Key Shards

Disclaimer: This is a summary of patterns we have observed during our research and should not be considered any form of technical or investment advice. Also, the given “known examples” do not imply they are the best implementations of the said pattern or any superior to any other implementation of the pattern not listed.


Split a key into several different pieces and restored using enough pieces.


In self-sovereign identity, a party may use a key for multiple purposes such as signing key for transaction authorisation and public/private key pair for encryption/decryption.


A user may lose or forget his/her secret keys, e.g., the device containing the keys is lost, stolen, or broken. A lost key denotes that the owner could lose control over its blockchain account, related identity, and assets.


  • Lost key – Private keys are usually long and hard to remember. Also, many blockchain platforms do not provide a sound mechanism to recover a lost or compromised key. Thus, it results in permanent loss of control over the related identifier and its assets.
  • Centralisation – A blockchain user’s keys are usually stored in a wallet application, e.g., installed on a mobile device or a hardware wallet. Such centralised management of keys may cause lead to a single point of failure. Once the device is lost or hacked, the user may lose control of all keys.


To protect the security of a key, one can spilt the key into several pieces/shards and store each piece in a different place. For example, store key pieces on a decentralised file system ensuring that all pieces are not collocated like in IPFS or different regions of a cloud provider. Also, key parts could be stored on different devices like USB flash drives, hardware wallets, or writen on a piece of paper and stored in a safe box. When a transaction is to be signed, collect relevant key pieces to reconstruct the key.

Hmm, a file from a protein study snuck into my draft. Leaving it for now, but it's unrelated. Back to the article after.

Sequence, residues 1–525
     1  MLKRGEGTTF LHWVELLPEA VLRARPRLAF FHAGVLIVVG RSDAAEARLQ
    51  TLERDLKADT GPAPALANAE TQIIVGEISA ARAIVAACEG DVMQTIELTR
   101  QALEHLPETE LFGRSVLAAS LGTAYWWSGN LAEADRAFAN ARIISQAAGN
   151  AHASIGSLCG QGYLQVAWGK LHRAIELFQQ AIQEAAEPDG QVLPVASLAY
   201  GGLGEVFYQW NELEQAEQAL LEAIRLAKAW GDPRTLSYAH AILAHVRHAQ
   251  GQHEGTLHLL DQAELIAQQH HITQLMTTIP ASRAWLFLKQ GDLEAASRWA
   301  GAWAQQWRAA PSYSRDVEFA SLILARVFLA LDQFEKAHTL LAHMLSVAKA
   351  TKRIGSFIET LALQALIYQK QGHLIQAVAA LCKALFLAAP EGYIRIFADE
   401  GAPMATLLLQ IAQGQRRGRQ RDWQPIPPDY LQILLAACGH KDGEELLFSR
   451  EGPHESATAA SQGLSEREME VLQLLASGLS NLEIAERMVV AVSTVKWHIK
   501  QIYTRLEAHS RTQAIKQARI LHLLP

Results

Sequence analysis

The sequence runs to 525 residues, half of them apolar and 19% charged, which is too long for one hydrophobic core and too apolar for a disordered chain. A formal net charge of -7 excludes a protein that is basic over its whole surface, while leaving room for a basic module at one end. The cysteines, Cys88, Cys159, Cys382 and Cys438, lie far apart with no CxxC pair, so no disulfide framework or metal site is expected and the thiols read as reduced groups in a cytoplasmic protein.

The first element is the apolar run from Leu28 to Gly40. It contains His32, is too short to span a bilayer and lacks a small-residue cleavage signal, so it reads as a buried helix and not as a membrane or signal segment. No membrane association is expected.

Key Shards

Key Shards

In the simplest form, a key could be split into n pieces. Then combine all n pieces to reconstruct the key before signing a transaction. However, we could adopt more advanced cryptographic techniques known as secret splitting schemes. For example, when a key is split into n pieces using a technique like Shamir’s secret scheme, only m pieces (mn) are needed to reconstruct the key. In such a technique, even if a key piece is lost, the user can still control his/her identity or assets as far as enough key pieces can be collected to reconstruct the key.


  • Tolerance to partial key loss – Even if some key pieces are lost, the key can be recovered as far as enough pieces/shards can be collected.
  • Decentralisation – The key pieces are stored in a decentralised way, which reduces the risk of losing all key pieces in an attack.
  • Flexibility – An entity does not have to input all but just enough key pieces when recombining a lost key.


  • Cost – Maintaining key pieces needs extra vigour. If a key piece is lost, there is no way to restore it.
  • Security – Having multiple key pieces provides multiple targets to attack.

Related patterns

  • The master and sub-key generation pattern can use key shards is to split and recombine both master and sub-keys.
  • The key splitting and recombining functionalities could be integrated into both hot and cold wallets.
  • Alternative to key sharding delegate list pattern aims to replace a compromised key with a new one.

Known uses

  • For each private key of an account, Parity distributes 12-word phrase acting as an additional backup. If a user loses the private key, this phrase can helpfully recover it.
  • Crypto++ is an open-source C++ library of cryptographic algorithms and schemes, which implements the Shamir’s Secret Sharing scheme: splitting up a secret into a defined number of pieces, and restoring the original secret when given enough secret pieces.